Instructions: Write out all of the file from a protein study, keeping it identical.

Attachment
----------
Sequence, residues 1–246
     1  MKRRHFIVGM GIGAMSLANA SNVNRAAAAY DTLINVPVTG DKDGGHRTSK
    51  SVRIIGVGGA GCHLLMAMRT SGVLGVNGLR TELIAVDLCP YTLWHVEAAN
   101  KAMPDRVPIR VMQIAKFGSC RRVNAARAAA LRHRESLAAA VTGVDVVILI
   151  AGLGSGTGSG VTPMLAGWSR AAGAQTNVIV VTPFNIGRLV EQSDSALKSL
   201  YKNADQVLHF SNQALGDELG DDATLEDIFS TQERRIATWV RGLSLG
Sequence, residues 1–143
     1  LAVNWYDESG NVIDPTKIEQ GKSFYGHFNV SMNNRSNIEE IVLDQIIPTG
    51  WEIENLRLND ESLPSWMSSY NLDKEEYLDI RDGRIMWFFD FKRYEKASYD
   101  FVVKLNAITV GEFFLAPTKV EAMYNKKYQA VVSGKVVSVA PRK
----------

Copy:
Sequence, residues 1–246
     1  MKRRHFIVGM GIGAMSLANA SNVNRAAAAY DTLINVPVTG DKDGGHRTSK
    51  SVRIIGVGGA GCHLLMAMRT SGVLGVNGLR TELIAVDLCP YTLWHVEAAN
   101  KAMPDRVPIR VMQIAKFGSC RRVNAARAAA LRHRESLAAA VTGVDVVILI
   151  AGLGSGTGSG VTPMLAGWSR AAGAQTNVIV VTPFNIGRLV EQSDSALKSL
   201  YKNADQVLHF SNQALGDELG DDATLEDIFS TQERRIATWV RGLSLG
Sequence, residues 1–143
     1  LAVNWYDESG NVIDPTKIEQ GKSFYGHFNV SMNNRSNIEE IVLDQIIPTG
    51  WEIENLRLND ESLPSWMSSY NLDKEEYLDI RDGRIMWFFD FKRYEKASYD
   101  FVVKLNAITV GEFFLAPTKV EAMYNKKYQA VVSGKVVSVA PRK